There are numerous reports of enforced disappearances, random attacks on civilians, and torture, among other human rights abuses. Amnesty International draws attention to the horrible circumstances facing POWs as well as the persecution of activists and journalists.

The scenario in Ukraine in 2024 emphasizes how urgently foreign action is required to maintain peace, deliver humanitarian help, and assist with reconstruction operations.

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8) Somalia

Due to persistent violence, terrorism, and political instability, Somalia maintains its ranking as one of the world’s most hazardous countries, with a Global Peace Index (GPI) of 3.036 in 2024. Following the fall of the nation’s central authority in 1991, the nation has experienced decades of civil war and anarchy.

Al-Shabaab, a militant organization that persists in carrying out deadly attacks throughout Somalia, is the main cause of instability in that country. Al-Shabaab has been implicated in multiple bombings, killings, and attacks in 2024 that have targeted both citizens and public servants. Over 5,000 conflict-related deaths have been reported by the UN this year, and many more have been injured and displaced.

The state of humanitarianism is terrible. With almost 3 million internally displaced, the UN Office for the Coordination of Humanitarian Affairs (OCHA) estimates that about 7.7 million Somalis need humanitarian aid. More than half of the population suffers from widespread food insecurity, which is made worse by prolonged droughts and conflicts that impede agricultural operations. The healthcare system is woefully underfunded, making it difficult to control disease outbreaks, starvation, and a shortage of essential medical supplies.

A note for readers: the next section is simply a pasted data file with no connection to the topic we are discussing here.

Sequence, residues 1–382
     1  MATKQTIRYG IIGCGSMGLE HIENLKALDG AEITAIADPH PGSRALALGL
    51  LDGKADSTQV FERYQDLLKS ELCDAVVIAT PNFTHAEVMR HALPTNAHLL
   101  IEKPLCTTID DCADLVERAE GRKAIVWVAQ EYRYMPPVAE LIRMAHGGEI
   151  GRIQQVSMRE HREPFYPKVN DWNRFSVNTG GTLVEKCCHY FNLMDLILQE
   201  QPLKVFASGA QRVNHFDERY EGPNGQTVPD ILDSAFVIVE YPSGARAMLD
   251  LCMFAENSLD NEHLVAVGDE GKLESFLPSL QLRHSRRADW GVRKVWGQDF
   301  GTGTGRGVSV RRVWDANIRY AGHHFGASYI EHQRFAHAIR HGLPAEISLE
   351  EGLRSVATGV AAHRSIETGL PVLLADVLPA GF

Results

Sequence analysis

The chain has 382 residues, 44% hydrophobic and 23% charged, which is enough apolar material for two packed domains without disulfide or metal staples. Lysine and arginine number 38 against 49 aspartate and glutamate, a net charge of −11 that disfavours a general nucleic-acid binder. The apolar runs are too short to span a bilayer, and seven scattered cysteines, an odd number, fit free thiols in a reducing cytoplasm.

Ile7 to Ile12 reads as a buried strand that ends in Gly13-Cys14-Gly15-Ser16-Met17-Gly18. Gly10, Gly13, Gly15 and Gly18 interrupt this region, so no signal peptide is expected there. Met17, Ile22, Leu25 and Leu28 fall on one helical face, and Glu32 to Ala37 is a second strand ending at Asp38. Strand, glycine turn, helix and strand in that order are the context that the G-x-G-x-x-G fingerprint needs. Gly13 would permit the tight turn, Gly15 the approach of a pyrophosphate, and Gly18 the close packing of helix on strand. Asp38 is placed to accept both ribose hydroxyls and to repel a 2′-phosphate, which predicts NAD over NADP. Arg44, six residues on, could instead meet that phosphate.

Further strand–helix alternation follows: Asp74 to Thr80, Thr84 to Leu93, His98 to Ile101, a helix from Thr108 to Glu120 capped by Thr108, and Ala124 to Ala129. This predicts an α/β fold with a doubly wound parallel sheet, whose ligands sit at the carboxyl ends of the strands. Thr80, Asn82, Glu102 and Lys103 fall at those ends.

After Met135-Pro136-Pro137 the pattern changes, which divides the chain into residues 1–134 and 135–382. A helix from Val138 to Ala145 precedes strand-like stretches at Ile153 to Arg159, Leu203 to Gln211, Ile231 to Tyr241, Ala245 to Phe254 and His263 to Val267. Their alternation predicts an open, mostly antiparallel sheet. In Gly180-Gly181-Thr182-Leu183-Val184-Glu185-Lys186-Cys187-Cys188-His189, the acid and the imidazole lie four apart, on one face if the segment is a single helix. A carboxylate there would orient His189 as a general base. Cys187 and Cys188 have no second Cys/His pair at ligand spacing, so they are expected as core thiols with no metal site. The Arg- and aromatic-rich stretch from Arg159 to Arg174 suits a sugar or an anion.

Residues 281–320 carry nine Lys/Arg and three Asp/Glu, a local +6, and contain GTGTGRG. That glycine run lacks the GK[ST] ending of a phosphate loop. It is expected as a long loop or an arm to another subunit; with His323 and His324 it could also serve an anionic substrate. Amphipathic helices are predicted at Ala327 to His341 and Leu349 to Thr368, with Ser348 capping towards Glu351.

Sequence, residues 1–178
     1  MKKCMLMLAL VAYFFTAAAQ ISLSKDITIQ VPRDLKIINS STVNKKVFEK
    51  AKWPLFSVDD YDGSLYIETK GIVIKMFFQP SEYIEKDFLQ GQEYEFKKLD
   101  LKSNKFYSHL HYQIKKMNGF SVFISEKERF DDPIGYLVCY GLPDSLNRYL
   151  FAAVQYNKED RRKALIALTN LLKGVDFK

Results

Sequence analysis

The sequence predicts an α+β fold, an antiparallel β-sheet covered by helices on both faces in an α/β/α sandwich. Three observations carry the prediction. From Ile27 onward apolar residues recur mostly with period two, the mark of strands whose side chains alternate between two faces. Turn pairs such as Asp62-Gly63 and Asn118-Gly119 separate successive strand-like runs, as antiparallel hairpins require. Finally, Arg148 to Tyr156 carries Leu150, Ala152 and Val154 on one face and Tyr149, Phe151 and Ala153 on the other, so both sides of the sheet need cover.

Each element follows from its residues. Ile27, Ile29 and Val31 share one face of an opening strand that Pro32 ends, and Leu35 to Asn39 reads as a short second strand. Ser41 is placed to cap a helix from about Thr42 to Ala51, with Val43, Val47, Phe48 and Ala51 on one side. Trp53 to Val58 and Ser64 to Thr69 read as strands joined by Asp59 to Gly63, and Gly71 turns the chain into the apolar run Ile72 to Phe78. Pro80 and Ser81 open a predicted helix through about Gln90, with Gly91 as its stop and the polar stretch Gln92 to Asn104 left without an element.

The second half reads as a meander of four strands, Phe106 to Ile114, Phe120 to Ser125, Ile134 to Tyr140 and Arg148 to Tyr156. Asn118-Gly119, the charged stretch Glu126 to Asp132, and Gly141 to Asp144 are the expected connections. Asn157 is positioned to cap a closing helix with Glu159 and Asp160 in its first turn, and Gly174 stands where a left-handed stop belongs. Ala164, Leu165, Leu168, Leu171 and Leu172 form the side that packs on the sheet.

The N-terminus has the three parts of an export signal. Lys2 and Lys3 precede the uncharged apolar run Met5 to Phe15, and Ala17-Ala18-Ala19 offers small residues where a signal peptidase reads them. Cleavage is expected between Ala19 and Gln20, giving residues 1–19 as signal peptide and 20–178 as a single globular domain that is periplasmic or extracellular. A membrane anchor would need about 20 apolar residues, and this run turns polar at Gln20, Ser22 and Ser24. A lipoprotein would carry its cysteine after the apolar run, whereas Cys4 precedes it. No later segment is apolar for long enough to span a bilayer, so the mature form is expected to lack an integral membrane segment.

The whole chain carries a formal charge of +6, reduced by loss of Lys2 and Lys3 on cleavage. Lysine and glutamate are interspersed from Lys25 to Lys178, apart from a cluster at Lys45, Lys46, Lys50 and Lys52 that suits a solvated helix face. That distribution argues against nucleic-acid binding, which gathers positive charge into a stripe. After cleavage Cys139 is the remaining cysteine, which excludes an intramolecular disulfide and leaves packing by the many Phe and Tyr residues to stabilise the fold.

The state of the economy is dire, with high percentages of poverty and unemployment. Remittances from the diaspora and the unorganized sector are vital to Somalia’s economy, but ongoing insecurity prevents international investment and development.

9) Sudan

Sudan, plagued by political instability, conflict, and humanitarian disasters, continues to rank among the world’s most hazardous countries, with a Global Peace Index (GPI) score of 3.023 in 2024. Although the long-standing tyrant Omar al-Bashir was overthrown in 2019, there was still hope for reform, since the country still faces enduring problems.

Sudan’s instability is largely caused by the ongoing conflict in Darfur as well as unrest in the districts of South Kordofan and Blue Nile. According to UN estimates, these wars claimed over 3,000 lives and forced nearly 2 million people to flee their homes in 2024. The humanitarian situation is made worse by the regular targeting of civilians in armed conflicts by government troops, opposition organizations, and militias.

The state of humanitarianism is terrible. Approximately 14 million people in Sudan need humanitarian aid, according to the UN Office for the Coordination of Humanitarian Affairs (OCHA). A third of the world’s population suffers from food insecurity, with millions of people suffering from severe hunger as a result of war, unstable economies, and shocks linked to the climate. The healthcare system is overburdened and finds it difficult to deliver essential services due to a staffing and medical supply shortage.